Sunday, March 18, 2012

(pain) perdu dans le labyrinthe

Last year on Ash Wednesday, D and I went to a service at a local Episcopal church. The rector had encouraged attendees to arrive early enough to allow plenty of time to walk the labyrinth that had been set up on the floor of the fellowship hall. The circular puzzle itself was painted in purple onto an enormous canvas drop cloth, and the path was just wide enough for one person at a time to walk, single file, through its serpentine loops. Silently, in the dimmed light, we slipped off our shoes, waited a couple of minutes for the person in front of us to gain a little distance, and then entered the maze ourselves. Because multiple people were traveling the labyrinth at the same time, occasionally I would brush by someone as he or she passed, going the opposite direction. It took longer than I thought it would. I admit, I lost my sense of reverence at a couple of points and felt anxious to just finish the thing.

I really hope there's not a minotaur
waiting in the middle of this.
In that labyrinth, there was only the one path. The point wasn't making the right choices. It was slowly and meditatively navigating a series of predetermined twists and turns. I might have been able to see where the next about-face would take me, but I couldn't see beyond that. I would only have been able to anticipate further if I could have viewed the entire thing from above. At ground level, where I was, all I could do was simply take the next few steps and trust that I would eventually make my way out of the maze.

There is a beautifully anxious prose poem by Tomas Tranströmer called "Answers to Letters." In it, he writes: "Sometimes an abyss opens between Tuesday and Wednesday but twenty-six years could pass in a moment. Time is not a straight line, it's more of a labyrinth, and if you press close to the wall at the right place you can hear the hurrying steps and the voices, you can hear yourself walking past on the other side." I find this notion both fearful and fascinating because on some level it feels true. To me it suggests the idea that there is another life, a lost life I didn't live, in which I answered or didn't answer a letter. I chose or didn't choose a job, a friend, a partner, a child. In this other life, some combination of choice and circumstance were altered to produce a different result. In that life, Rhea survived her transplant. Her hair grew back. She got married. So did I. Our brother Jeff's children, hers, and mine all play together in that lost life. In it, I'm a different me. That this other life doesn't, as far as I know, exist literally doesn't make it one whit less real. It exists in my mind. Sometimes it haunts me.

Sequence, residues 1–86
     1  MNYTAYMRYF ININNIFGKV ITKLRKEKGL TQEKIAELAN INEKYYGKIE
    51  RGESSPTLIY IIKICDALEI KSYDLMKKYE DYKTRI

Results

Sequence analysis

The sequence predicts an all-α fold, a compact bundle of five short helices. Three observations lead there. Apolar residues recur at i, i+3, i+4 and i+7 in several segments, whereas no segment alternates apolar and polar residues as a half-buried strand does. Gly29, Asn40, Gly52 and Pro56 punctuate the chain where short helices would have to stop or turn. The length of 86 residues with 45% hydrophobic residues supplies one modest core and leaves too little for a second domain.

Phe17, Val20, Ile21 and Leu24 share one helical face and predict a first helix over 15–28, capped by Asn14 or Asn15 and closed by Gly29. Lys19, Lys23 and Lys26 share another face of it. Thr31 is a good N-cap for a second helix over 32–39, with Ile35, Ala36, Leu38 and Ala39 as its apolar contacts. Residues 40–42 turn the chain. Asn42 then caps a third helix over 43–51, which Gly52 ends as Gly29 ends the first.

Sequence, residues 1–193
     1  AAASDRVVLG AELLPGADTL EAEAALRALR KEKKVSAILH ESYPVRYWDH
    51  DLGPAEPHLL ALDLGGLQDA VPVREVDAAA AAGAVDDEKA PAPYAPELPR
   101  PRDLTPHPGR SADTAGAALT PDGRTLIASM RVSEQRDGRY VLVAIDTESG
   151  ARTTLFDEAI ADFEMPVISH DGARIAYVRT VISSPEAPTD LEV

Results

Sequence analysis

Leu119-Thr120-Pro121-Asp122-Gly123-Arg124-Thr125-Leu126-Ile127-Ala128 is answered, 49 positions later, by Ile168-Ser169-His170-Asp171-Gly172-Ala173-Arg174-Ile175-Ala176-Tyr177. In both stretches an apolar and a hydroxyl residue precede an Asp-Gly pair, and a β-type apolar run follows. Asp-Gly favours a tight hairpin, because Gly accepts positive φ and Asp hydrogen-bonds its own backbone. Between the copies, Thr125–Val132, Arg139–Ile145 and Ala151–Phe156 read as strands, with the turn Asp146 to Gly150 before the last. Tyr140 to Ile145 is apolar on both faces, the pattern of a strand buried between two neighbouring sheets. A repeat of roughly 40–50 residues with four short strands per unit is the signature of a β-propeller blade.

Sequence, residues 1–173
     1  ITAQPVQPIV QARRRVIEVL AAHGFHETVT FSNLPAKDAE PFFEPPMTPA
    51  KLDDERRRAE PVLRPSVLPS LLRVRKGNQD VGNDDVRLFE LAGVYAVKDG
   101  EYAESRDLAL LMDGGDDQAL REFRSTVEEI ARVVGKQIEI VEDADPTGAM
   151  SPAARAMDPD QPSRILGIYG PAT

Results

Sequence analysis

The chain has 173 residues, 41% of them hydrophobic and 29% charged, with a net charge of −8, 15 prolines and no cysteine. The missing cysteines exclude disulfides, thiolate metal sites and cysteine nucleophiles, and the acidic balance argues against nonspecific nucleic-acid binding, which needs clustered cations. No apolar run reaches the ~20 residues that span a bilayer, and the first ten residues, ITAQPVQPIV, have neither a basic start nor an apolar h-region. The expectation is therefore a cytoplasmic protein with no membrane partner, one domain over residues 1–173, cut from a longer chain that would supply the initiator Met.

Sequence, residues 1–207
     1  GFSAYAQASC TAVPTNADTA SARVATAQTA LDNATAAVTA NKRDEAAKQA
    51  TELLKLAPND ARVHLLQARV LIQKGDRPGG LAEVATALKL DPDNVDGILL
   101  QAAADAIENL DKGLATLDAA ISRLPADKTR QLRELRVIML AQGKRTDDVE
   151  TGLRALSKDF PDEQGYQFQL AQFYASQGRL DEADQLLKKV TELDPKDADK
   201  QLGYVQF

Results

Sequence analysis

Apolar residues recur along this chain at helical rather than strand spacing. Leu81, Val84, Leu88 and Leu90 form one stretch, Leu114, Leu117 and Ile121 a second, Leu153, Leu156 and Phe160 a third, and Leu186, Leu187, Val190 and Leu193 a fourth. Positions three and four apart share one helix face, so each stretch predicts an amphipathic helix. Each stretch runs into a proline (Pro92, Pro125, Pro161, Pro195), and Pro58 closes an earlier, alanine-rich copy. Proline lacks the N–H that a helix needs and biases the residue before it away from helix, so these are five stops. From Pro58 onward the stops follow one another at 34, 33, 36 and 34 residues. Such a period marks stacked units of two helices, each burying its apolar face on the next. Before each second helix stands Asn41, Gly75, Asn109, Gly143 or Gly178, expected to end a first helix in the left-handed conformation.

Tranströmer's labyrinth is very different from the one I walked at St. Stephen's Episcopal Church. In his model, there are two (or more) hallways running parallel to one another, each containing a version of me, separated forever by a wall through which, faintly, one of us can sometimes hear the other walking past. It's an anxious prospect. I chose something else in that life. Or something chose me. Or I made no choice at all. Which is also a choice.

Yes, I know, I know. Gwyneth Paltrow already dramatized this idea for us—with a passable British accent and dramatically different hairstyles so that we could keep the two versions of her straight—in Sliding Doors. But bear with me if you will. After all, not only do I have at least one other life. There are simultaneously many Heather Akerses. 

Do you periodically Google your own name? Oh, admit it. And, for practical reasons - i.e. to keep tabs on what potential employers, exes, and would-be lovers would find if they searched for you - you probably should. A quick search of my name yields my LinkedIn profile and my RateMyProfessor reviews, which is reassuring (though also, in the case of the latter site, sometimes worrisome). At any rate, it's the me I know.

But click on Google Images and the plot thickens. The first two hits are a couple of mug shots of Heather Akers from Florida: a young woman with hollow eyes and impossible cheekbones who has dealt in stolen property and violated her probation. Heather Akers also lives a double life as the owner of a winery in Virginia. Facebook tells me that she is a VP at the National Bank of Arizona. She played Police Officer in her only acting gig, a horror flick called Hell-ephone. Moreover, she is a massage therapist, drawing upon her lifelong love of horses and her training in Swedish massage, neuromuscular therapy, and kinesiology in order to administer relief and healing to human and equine survivors of abuse and trauma.